Department of Geography
Spatio-temporal pattern analysis of land cover change: A case study in Aridzone
Remotely sensed data have been widely used for environment change study in the past decades and large collections of remote sensing imagery have made it possible to analyze long-term change of environmental elements and impact of human activities. Research has been widely reported on methodology of remote sensing change detection and monitoring (e.g. Singh 1989, MacLeod and Congalton 1998, Mas 1999, Lu et al. 2004). Change detection approaches can be characterized into two broad groups, namely, bi-temporal change detection and temporal trajectory analysis (Coppin et al. 2004). The former measures land cover changes based on a 'two-epoch' timescale, i.e. The comparison between two dates. Even if land cover information sometimes is acquired for more than two epochs, the changes are still measured on the basis of pairs of dates. The latter analyses the changes based on a 'continuous' timescale, i.e. The focus of the analysis is not only on what has changed between dates, but also on the progress of the change over the period. At present, most change detection methods belong to bi-temporal change detection approach including, for example, image differencing (Weismiller et al. 1977, Maktav and Erbek 2005), vegetation index differencing (Muttitanon and Tripathi 2005), change vector analysis (CVA) (Malila, 1980, Lunetta et al. 2004), principal component analysis (PCA) (Byrne et al. 1980, Liu et al. 2004), post-classification comparison (Weismiller et al. 1977, Dewidar 2004), multi-temporal composite and classification (Zhao et al. 2004), and artificial neural network (ANN) (Dai and Khorram 1999, Liu and Lathrop Jr. 2002). © 2009 Springer Science+Business Media, LLC.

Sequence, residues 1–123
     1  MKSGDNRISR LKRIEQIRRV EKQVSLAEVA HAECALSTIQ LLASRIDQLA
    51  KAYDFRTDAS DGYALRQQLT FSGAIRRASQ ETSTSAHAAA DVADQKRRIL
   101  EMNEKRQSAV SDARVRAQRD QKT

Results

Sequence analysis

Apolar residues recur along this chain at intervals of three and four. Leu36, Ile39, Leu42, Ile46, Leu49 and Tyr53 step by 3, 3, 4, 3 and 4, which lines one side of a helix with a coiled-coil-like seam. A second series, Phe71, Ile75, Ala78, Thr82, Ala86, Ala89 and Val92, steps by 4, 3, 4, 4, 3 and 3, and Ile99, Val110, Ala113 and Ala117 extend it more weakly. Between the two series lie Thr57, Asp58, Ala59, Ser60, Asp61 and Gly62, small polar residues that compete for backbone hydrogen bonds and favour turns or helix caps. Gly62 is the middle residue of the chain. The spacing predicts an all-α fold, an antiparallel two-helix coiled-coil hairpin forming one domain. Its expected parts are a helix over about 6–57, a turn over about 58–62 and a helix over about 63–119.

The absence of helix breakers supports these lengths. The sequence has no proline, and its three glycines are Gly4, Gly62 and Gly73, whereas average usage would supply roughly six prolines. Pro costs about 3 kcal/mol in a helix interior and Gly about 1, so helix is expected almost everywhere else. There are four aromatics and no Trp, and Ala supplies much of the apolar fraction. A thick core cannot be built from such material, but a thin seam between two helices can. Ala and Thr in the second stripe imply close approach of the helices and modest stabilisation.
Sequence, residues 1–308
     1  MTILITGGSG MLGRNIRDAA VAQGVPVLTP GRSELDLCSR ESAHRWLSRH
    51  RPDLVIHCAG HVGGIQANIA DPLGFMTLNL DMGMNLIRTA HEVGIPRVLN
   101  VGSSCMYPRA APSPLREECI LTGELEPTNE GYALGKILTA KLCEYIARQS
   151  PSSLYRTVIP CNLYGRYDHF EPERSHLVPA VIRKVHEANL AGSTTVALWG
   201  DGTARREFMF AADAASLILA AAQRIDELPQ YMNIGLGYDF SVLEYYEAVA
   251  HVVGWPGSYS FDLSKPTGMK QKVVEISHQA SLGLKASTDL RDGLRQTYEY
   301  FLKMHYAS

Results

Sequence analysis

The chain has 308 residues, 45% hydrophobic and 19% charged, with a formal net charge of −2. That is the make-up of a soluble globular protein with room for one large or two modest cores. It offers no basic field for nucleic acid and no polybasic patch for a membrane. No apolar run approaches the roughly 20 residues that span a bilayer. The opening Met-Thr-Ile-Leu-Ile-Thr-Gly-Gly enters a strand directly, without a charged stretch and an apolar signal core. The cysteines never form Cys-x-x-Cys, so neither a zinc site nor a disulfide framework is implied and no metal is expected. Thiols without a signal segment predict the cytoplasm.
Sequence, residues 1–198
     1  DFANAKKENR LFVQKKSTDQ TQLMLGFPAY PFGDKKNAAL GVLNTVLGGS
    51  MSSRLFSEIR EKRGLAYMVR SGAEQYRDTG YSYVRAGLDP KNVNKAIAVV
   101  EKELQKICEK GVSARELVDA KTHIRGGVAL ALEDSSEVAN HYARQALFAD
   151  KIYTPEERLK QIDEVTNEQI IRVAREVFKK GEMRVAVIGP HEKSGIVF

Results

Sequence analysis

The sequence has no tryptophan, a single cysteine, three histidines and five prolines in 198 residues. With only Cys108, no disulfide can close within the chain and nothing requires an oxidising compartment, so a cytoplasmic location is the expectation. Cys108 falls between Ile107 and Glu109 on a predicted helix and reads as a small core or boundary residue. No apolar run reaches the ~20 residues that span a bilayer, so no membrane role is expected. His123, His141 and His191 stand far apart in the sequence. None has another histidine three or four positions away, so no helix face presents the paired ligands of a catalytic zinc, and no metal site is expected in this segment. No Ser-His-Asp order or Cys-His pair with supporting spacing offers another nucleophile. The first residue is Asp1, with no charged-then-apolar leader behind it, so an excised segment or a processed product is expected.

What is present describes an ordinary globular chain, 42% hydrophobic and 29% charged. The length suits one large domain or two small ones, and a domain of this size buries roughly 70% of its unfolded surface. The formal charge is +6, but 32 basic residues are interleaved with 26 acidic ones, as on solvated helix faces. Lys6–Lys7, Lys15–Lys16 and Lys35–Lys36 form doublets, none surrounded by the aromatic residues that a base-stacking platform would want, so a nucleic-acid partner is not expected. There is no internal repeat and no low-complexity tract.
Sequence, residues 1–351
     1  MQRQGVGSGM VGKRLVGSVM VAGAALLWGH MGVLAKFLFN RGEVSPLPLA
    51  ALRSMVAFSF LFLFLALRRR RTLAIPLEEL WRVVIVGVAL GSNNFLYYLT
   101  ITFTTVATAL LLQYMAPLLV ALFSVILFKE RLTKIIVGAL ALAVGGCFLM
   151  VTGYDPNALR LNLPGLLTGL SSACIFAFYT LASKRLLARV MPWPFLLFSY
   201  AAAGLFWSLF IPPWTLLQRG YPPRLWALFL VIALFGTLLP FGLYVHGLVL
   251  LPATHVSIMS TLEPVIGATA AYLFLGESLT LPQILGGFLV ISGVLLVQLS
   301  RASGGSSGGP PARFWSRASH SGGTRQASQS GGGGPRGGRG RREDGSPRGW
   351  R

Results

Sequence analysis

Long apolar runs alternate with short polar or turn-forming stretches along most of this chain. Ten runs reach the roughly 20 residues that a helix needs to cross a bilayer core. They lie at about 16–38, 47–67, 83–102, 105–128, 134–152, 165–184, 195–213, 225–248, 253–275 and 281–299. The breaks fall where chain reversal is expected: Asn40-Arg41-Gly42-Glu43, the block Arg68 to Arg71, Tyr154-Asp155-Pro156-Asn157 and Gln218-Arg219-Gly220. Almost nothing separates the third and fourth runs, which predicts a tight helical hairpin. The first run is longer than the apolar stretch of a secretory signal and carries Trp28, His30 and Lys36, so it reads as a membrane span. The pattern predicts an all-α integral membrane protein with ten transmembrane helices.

Source Publication Title
Geospatial technology for earth observation
Li, Deren ; Shan, Jie ; Gong, Jianya
Link to Publisher's Edition
Zhou, Qiming. "Spatio-temporal pattern analysis of land cover change: A case study in Aridzone." Geospatial technology for earth observation (2009): 411-429.